buying and selling can’t me you profitable if you don’t have any kind of view. For getting a view of the stock market we need to go through different types of analysis. Let’s say, Technical Analysis, Fundamental Analysis, and Price Action analysis. Today we will be talking about price action analysis.
The term price action itself denotes the action taken after considering the real-time price deviation. Nowadays you must have heard the pro talking about this game-changing tool changing the lives of many. In simple words, we can say that price action is the ultimate tool required to get an edge over others in terms of trading. Price action provides you the real-time structural movements which are more than sufficient to come to a decision on the probability stuff.
1). Price action allows you to capture big trendy moves, by doing top-down analysis at different time frames.
2). Moving averages in price action can give you an accurate idea of the candles formed, as the name moving average suggests… the average of all moving candles its can be 5,9,50,100, anyone.
3). The chart patterns and candle stick patterns later derive the price action, the most common chart patterns that we hear are – double top or double bottom, rising wedge, bullish/bearish flag, and pole, head, and shoulders.
4). Some of the major tools of price action are – Trend lines, support, resistance, and demand and supply zones.
5). Observe the areas where the price has been trading most.
Components of price action
The total number of shares traded on the stock market, total futures contracts traded on the futures market, or total complete lots traded on the currency market make up the trading volume. Since there is no centralized exchange for the currency market, it is challenging to determine the precise number of transactions. Volume can be estimated in a number of ways though. Its primary application is to locate market support and resistance levels and assess the force of price changes, although it works best when combined with other theories and techniques for price analysis.
The first step in getting ready for trading is to take a snapshot of the price movements on a longer timeframe than the one you plan to trade in. For instance, if I wish to trade on the one- or four-hour charts, I switch to the daily timeframe and carefully mark the control and value areas on that chart. If I want to day trade on the 30- and 15-minute timeframes, I go to the four-hour timeframe, find the large value there, and mark it on the chart. If I wish to trade on the five-minute period, I move to the hour and conduct the value area analysis there. These timeframe correlations are, however, not inflexible. Look first at the present price location on the timeframe you will be trading in to determine what higher timeframe you should use to draw the value on. Then scroll back to the same chart and try to put it into context. Is the present price movement a component of an uptrend, a downtrend, or a sideways movement? Recall the talk about how a trend shifts when a price begins to make value below an uptrend and above in a decline. Find the area where the price developed value that impacted the trend in the following higher timeframe. Go to the subsequent higher timeframe if you can’t find it there.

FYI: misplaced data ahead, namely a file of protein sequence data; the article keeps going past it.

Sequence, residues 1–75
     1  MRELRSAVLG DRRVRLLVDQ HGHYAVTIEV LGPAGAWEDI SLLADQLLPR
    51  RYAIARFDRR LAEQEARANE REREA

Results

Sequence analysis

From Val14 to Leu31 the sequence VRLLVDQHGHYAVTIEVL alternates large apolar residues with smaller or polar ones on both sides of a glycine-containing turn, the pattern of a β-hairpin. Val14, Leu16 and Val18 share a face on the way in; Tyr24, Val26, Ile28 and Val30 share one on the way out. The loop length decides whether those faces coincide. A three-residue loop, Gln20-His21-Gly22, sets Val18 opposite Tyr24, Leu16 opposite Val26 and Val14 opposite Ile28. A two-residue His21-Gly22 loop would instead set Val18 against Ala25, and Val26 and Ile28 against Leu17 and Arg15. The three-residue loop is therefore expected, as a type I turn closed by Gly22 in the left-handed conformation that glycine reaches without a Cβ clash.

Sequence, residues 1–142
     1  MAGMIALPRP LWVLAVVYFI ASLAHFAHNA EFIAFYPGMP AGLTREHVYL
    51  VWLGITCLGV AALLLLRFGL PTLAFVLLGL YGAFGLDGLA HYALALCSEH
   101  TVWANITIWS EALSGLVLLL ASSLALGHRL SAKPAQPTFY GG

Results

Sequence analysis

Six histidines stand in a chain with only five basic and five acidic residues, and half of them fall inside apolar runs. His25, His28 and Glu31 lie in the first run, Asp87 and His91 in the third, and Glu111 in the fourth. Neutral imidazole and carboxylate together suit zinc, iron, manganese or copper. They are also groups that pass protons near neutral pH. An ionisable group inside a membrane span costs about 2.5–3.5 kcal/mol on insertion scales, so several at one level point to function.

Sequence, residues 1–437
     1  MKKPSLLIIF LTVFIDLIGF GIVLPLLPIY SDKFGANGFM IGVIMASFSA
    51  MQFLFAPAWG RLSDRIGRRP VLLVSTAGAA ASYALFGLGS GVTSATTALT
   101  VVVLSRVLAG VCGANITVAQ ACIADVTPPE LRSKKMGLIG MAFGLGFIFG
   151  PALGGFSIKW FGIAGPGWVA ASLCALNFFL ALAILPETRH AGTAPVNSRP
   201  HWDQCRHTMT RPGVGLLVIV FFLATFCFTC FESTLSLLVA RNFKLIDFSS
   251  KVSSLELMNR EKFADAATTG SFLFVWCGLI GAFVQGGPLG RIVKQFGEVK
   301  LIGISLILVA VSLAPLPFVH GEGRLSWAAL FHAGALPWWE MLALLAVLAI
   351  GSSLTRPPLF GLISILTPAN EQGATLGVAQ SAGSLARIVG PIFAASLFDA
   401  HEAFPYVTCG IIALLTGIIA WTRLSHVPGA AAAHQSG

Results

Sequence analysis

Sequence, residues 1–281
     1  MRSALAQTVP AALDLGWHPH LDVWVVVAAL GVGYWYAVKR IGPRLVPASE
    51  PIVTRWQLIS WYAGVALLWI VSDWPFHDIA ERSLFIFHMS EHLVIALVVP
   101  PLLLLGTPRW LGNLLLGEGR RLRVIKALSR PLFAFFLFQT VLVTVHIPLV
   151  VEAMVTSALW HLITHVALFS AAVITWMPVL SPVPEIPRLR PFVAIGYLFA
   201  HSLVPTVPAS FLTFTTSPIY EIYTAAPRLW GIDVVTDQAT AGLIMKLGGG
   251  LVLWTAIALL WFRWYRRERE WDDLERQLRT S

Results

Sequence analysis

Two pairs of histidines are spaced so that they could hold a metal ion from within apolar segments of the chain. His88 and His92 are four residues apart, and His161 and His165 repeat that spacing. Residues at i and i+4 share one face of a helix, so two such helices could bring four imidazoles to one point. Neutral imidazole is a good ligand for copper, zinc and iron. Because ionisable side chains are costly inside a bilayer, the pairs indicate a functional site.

FAIR VALUE AREA?
As you might have inferred from my comments above, the fair value of any given forex pair, stock, or commodity is the price range where it has traded the majority of the time, where supply and demand were balanced, and where both buyers and sellers were in agreement that the price range reflected their current expectations. They are content to keep the price where it is now because they believe it to be a fair price at this time.
Things to remember
• Pay attention to the zones above and below where the price hasn’t traded much. That is excess.
• Seek to leave out as much blank space as possible in order to correctly separate value from excess price.
• Repetitive up and down movements in the same price area are what create value.
• Imagine that the horizontal time axis on your chart disappears.
The blank space in between price movements does not exist anymore.
These motions will result in a bulge or swelling.
This bulge is the value area.
Where prices traded the least, on the top and lower sides of the bulge, there will be nearly flat land.
That is the excess price.
• After marking the value areas on your chart and getting used to spotting them, extend them one by one